Hey guys,

Here are the links to the stuff we talked about in the August Podcast.

Enjoy!

J.J. Abrams Interview

http://moviepilot.com/posts/3443925?lt_source=external,manual

Flash Season Two

http://moviepilot.com/posts/3378403?lt_source=external,manual

Tomb of Horrors

http://www.drivethrurpg.com/product/153646/Tomb-of-Horrors-4e?term=tomb+of+horr

Directed by Marcus Nispel

 

 

 

Rating System: 0 – 5 Bubbly Head Deaths with Zero being the lowest and five being the highest.

THE REVIEW

Conan the Barbarian (hereafter referred to as CTB) is a reboot of the 1982 Arnold Schwarzenegger flick. This time around Jason Momoa gets to play the Mullet that became a king by his own hand. Joining him for the CGI ride is Ron Perlman, Stephen Lang, Rosie McGowan, and even a badly done narration bit by Morgan Freeman. The story begins with our Cimmerian being born in the middle of a battle. This apparently means that Conan is going to be a warrior. We see this confirmed in the very next scene as the now 9-year old Conan single-handedly kills a gaggle of Road Warrior extras, all while holding an egg in his mouth. (I am NOT making that up. There is a reason for it, it’s kind of a stupid one, but there is one.) At this point Khalar Zim (Stephen Lang) shows up. He’s looking (in LOTR fashion) for a missing piece of an ancient snake mask that the opening narration was kind enough to tell us about. A long time ago, this mask was apparently broken and hidden to stop anybody from possessing it and taking over the world. (Is it just me or doesn’t it seem like the ancient world was chock full of artifacts that would either destroy or enslave the world?) Khalar and his witch daughter Marique (an eyebrowless Rosie McGowan) kill Conan’s dad, find the mask piece, and then leave our little barbarian to burn to death. Which we all know is a classic super villain mistake, since Conan escapes and lives to fight another day.

From there the film jumps to a grown-up Conan (Momoa) moving from one mindless CGI filled battle scene after another until he bumps into Khalar and his crew. Which was confusing to me, since he had the full mask, yet somehow 15 years had passed and the new dark age had not started. Apparently he’s now looking for the last descendant of some ancient blood line to resurrect his dead wife. I’m not really sure, the plot silliness had gotten so bad that I had kind of lost interest by this point. Suffice it to say that Conan hacks and slashes his way through the rest of the film.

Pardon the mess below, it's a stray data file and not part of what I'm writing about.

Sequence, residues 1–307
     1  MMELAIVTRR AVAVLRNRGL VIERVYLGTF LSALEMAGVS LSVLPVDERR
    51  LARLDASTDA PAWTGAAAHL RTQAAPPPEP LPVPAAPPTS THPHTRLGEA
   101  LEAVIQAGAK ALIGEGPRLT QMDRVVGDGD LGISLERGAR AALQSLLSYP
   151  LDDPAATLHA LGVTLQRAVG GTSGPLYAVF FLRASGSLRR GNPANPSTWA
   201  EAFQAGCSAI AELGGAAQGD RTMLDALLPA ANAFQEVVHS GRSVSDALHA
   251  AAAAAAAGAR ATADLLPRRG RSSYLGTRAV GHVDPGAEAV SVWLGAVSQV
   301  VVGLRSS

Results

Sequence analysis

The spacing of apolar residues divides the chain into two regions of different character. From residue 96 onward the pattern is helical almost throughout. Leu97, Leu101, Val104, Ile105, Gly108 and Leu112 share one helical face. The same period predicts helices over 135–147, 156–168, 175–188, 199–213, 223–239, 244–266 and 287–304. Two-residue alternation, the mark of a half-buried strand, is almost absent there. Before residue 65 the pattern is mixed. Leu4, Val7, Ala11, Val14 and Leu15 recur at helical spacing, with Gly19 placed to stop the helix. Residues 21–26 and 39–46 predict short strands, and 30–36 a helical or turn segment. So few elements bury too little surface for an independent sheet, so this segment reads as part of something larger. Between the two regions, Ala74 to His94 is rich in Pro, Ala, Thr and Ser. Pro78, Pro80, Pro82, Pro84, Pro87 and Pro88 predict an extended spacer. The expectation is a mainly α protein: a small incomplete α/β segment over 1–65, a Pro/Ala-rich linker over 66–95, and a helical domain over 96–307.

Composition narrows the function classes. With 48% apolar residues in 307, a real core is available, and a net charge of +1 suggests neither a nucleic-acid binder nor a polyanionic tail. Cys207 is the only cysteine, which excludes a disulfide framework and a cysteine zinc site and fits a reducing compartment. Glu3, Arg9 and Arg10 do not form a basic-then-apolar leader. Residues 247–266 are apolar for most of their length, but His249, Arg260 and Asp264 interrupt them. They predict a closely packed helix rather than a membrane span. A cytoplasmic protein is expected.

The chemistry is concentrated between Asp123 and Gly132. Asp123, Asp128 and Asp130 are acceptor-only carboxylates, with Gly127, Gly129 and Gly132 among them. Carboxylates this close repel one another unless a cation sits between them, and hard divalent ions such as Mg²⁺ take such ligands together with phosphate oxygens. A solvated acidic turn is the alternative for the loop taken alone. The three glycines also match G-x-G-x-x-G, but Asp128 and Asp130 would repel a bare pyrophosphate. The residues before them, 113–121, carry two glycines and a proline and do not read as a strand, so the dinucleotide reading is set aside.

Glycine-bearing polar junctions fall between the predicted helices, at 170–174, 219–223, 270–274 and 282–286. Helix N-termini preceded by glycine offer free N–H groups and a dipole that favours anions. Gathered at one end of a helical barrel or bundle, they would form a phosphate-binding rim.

This film was basically a mess. An expensive mess, but a mess. Costumes and props were standard but uninspired – straight out of the Fantasy movie playbook. Like any fantasy film today, there is a lot of CGI and some of it was actually pretty good. My real problem was the sound design. Now, it could have been the sound system in the theater, but the sound design was horrible. The mix was so bad that unless a character was shouting, every line of dialog was unintelligible. For example, in the scene where Tamara (Rachel Nichols) tells Conan her name, the mix was so bad and mushy, I had no idea what it was until the end credits.

The other thing about this film that disappointed me is that it quickly became apparent that the film makers had little or no knowledge of the Conan character from the Robert E. Howard stories. Basically, they got that he was a pirate (which he was in several stories) but that’s about it. Everything else in the stories that made Conan who he was, was gone.
One thing that always sticks with me from the Arnold flick was Conan’s search for the answer to the riddle of steel. Thulsa Doom ultimately provides Conan with the answer when he tells him, “Steel isn’t strong, flesh is stronger. What is steel compared to the hand that wields it?” If we change steel to CGI and flesh to character, plot and heart, we get to the main problem that besets all fantasy/sci-fi/horror films of today. What does state of the art CGI get you if there is no high quality character development, plot and heart (what I would call direction and production) to control it and make it meaningful? The answer is, alas, nothing but a wasted 113 minutes of your life – like you get with this film.

GAME INSPIRATIONS FROM THE MOVIE

Obviously the Conan system is the way to go for this, with Dungeons and Dragons being a close second. You would have to work a lot on the plot to make it into a workable scenario. But the basic elements are all there. I could see a lot of potential for a campaign with your party trying to collect the various pieces of the mask before Khalar does. Each mask piece would be a different adventure. You can even have the mask pieces try to influence the party and get each of them to want to possess it. Now we’re talking! Party strife and conflict is always fun!

 

 

 

The best scene for me is when Khalar and Marique unleash several sand demons against Conan. The ensuing fight scene pitting Conan against warriors made of animated sand was pretty cool. Of course, the film makers didn’t take it as far as they should have. When it started, I thought they were copying the classic skeleton fight scene from Jason and the Argonauts. But instead of defining how many sand warriors were animated, they just had them (or maybe just one) jumping out of the sand periodically. Again, I enjoyed the scene, but it could have been done sooo much better.